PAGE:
Wednesday, May 12, 2010

I feel just so very up.

Catch the filler words in the title? Guess what I'm doing again? I thought I had finished revisions to the nth power of nine, revisions as far as the final digit of pi, revisions that, if turned into frequent flier miles, would take all of the Richlands to New Zealand and back, first class. But no. Last week an agent rejected my full manuscript: "I just didn't feel the rest of the chapters were as strong as the first five." After I moped for twenty-four hours, I agreed. My first five chapters rocked enough for her to request a full and read it a week after submission, but the rest of The Soldier rocks like a chair, not an amplifier.

How do I know? Because finding and replacing the words "feel" and "felt" in the manuscript took me two hours. I didn't have a chance to tackle the third word on my list, "seem," and the list continues with then, just, few, some, even, still, only, up, down, against, back, look(ing), and sound. Last year I judged a writing contest entry that used the word "just" 43 times. In twenty-five pages. Sometimes Control-F is a better friend than coffee, and that is from a Seattle-ite.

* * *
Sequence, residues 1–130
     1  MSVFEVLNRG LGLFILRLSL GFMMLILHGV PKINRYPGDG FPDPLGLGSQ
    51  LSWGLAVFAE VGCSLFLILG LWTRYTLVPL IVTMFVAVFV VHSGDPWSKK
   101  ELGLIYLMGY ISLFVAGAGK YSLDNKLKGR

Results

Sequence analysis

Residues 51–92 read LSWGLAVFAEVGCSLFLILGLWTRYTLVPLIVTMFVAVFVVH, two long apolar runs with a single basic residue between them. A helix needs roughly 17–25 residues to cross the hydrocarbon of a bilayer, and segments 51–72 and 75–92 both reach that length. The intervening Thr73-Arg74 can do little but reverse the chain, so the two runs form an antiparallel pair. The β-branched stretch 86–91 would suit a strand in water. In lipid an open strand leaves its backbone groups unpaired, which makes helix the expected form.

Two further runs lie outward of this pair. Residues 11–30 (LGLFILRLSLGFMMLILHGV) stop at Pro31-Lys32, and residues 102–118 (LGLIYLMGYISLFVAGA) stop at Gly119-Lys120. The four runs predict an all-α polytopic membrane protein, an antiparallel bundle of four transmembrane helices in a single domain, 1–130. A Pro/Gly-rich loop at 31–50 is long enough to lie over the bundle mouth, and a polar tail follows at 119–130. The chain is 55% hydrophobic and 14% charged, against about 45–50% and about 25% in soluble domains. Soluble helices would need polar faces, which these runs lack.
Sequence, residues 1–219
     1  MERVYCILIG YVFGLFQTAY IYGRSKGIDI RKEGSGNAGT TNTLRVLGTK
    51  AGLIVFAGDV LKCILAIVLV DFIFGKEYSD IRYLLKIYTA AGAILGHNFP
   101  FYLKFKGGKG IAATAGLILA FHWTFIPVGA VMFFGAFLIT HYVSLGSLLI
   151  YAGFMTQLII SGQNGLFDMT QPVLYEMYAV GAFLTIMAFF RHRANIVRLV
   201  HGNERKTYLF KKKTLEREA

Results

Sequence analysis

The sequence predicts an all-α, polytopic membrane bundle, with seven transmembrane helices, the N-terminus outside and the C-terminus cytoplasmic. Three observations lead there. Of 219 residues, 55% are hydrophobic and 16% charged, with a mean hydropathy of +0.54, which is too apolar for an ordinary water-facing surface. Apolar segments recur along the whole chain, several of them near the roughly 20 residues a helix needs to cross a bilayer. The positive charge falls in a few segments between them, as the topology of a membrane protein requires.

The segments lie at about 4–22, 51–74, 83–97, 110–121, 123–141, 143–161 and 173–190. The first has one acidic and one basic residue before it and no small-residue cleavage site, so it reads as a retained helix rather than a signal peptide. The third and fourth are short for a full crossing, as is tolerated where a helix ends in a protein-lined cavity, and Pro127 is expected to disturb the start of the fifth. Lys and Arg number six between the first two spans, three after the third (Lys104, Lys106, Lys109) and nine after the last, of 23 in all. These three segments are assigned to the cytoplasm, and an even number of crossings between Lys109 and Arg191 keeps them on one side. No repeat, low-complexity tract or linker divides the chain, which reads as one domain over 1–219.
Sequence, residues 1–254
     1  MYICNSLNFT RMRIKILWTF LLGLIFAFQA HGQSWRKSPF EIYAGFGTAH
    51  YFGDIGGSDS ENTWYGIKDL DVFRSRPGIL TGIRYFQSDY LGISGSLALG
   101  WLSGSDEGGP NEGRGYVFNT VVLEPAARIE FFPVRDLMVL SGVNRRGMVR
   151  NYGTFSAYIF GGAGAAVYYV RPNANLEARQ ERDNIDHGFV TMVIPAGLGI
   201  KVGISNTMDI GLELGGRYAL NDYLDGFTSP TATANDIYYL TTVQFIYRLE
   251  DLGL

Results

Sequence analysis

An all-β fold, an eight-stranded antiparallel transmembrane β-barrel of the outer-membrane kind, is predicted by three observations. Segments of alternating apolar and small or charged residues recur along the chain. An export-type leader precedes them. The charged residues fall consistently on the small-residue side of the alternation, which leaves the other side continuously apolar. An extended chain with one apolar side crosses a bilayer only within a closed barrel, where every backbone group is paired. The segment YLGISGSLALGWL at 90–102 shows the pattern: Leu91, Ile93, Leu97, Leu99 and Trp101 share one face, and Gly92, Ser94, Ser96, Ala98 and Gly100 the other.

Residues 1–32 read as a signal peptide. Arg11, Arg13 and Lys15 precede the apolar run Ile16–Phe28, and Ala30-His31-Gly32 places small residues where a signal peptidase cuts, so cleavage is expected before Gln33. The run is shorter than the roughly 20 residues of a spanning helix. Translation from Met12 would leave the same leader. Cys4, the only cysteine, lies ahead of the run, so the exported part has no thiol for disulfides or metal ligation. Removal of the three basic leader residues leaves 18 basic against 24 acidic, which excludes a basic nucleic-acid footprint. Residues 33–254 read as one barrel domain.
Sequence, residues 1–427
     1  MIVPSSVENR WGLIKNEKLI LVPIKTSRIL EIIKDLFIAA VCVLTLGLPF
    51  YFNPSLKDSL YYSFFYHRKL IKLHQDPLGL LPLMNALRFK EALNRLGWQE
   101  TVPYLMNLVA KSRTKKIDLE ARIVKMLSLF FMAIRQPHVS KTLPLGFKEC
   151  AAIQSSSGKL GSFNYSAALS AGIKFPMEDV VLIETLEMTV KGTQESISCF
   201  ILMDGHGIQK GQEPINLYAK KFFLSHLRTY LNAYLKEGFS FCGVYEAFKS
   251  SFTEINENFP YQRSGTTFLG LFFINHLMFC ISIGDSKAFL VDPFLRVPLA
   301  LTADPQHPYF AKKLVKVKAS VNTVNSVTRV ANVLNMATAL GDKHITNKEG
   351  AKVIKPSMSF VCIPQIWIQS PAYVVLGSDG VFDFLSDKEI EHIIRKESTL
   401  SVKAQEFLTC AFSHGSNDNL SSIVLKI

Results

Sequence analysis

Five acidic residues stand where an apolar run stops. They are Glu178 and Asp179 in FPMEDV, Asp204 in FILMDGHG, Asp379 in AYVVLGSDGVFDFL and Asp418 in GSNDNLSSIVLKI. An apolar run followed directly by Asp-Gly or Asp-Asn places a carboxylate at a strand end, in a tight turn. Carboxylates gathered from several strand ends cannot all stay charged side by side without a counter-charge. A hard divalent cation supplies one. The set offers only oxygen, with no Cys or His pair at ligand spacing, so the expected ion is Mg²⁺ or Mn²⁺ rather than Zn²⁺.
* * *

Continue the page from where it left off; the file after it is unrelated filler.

I also like Joanne Bourne's technical advice on words to check. It reminded me to look not only for filler words like those above, but also for overused descriptions. Eyes and hands and fingers, oh my. I suspect I'll cringe when I read through the frequent hand/finger references in The Soldier.
(By the way, Joanna Bourne is a wonderfully gracious person - I sat next to her twice at 2008 RWA Nationals - and The Spymaster's Lady is a superb Regency. Please put it on your To Be Read list.)

Here's another word I spread far and wide through my writing - adjust. I tried to layer body language into the manuscript. Instead I created fidgeters. It makes me wonder how the saintly Mr. Richland tunes out my own constant "adjusting" of glasses, hair, bra straps and sleeves.

What words do you know you over use? And how many times do you use just or feel/felt? Can you be more atrocious than two hours of feeling removal? Let me know so we can wave our fingers and grip our hands together.


Kate Diamond said...

I haven't been writing lately, so I don't have writerly words of comfort for you. But I do have a bit of teacher comfort. We've been reading "Heart of Darkness," widely recognized as a classic. English teachers everywhere ooh and ahh over Joseph Conrad's stylistic choices...

...and yet my students are giggling and marking a tally every time he uses the phrase "brooding gloom."

Anna Richland said...

I misread that first as "brooding groom" and thought it sounded more interesting than I remembered!

Kali said...

I have a pronoun problem. I just can't stop using them. My longest offense was 600+ words without the use of a proper noun. It was a very confusing section.